ARLINGTON, Va.—Last week, the Commonwealth Court of Pennsylvania ruled against the Punxsutawney and Pitch Pine hunting clubs in their suit against Pennsylvania Game Commission (PGC) and Mark Gritzer, the head of the PGC, for repeatedly violating their private property rights. The Institute for Justice (IJ) represents both clubs and plans to appeal.
The PGC has systematically sent agents onto the land of these clubs without notice or warrants, treating private land like public property due to an arcane legal rule called the “open fields” doctrine, under which private land currently gets no constitutional protection from warrantless searches.
In their challenge, IJ argued the Pennsylvania Constitution has unique text protecting private land from warrantless searches that should grant protections not just to these clubs but to all property owners across Pennsylvania.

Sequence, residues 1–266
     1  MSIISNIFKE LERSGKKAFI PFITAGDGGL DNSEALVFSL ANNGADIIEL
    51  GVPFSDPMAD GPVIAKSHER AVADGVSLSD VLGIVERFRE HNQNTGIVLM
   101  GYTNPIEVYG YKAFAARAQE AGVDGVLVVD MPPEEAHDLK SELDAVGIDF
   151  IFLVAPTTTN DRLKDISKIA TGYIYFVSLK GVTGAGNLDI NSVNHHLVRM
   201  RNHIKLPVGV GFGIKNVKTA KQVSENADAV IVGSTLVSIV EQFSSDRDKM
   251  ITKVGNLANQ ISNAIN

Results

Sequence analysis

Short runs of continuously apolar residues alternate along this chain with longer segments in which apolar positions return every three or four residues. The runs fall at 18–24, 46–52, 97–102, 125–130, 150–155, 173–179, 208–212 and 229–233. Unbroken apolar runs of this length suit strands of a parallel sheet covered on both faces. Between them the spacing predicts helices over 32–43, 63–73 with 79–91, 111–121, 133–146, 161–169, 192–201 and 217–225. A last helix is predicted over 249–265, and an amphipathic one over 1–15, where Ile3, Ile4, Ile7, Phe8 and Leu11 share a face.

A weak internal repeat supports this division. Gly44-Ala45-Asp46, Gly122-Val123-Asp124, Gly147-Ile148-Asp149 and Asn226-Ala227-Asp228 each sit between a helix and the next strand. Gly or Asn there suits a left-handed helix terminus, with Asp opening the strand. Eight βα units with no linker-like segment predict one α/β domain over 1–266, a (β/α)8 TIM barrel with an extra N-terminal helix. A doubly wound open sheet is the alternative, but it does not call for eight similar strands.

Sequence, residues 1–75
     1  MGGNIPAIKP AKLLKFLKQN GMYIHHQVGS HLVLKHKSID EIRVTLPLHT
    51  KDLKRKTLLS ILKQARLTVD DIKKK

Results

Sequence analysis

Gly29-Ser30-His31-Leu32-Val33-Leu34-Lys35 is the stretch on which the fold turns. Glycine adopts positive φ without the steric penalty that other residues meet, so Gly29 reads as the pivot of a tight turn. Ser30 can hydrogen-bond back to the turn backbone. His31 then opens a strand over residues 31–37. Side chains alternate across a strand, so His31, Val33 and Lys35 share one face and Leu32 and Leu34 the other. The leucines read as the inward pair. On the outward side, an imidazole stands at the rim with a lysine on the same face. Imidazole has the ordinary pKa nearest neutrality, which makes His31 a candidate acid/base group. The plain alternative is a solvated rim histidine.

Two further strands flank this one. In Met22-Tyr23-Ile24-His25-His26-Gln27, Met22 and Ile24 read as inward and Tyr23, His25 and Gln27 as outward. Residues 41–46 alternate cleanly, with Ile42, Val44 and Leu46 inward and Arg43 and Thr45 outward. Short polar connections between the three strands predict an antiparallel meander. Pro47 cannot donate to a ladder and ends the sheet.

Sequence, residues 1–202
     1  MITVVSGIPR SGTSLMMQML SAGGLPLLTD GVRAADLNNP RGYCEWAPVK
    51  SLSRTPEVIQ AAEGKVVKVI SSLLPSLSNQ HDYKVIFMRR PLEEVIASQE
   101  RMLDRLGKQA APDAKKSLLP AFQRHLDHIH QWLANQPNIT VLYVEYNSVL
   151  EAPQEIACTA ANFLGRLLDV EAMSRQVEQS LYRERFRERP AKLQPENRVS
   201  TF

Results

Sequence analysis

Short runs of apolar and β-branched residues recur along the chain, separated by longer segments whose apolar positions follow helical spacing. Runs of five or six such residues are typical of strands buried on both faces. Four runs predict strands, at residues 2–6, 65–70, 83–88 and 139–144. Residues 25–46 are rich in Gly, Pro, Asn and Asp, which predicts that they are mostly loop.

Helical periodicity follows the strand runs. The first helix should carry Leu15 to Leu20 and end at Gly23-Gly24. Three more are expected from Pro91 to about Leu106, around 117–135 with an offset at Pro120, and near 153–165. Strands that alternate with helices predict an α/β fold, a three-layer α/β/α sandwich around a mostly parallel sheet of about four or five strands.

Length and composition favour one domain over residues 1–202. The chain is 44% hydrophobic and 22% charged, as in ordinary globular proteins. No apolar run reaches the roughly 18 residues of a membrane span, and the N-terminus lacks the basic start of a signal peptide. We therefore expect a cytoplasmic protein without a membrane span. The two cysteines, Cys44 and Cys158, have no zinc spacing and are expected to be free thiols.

“Our position is clear and so is the Pennsylvania Constitution,” said IJ Attorney Joshua Windham. “We plan on continuing in this fight so that our clients and Pennsylvanians everywhere can have their constitutional rights restored.”
Frank Stockdale, the president of the Punxsutawney club’s board, remains committed to the fight.
“The government has no right to spy on us on our own land without cause,” he said. “This entire endeavor has been outrageous and needs to end now.”
The Institute for Justice is the nation’s leading advocate for property rights. This case is part of IJ’s Project on the Fourth Amendment, which seeks to vindicate the right to be secure from unreasonable searches and seizures. IJ is currently litigating on behalf of property owners in Tennessee who had government cameras installed on their land, an Ohio taxidermist who was regularly subjected to warrantless inspections, and security deposit box owners whose boxes were raided by the FBI.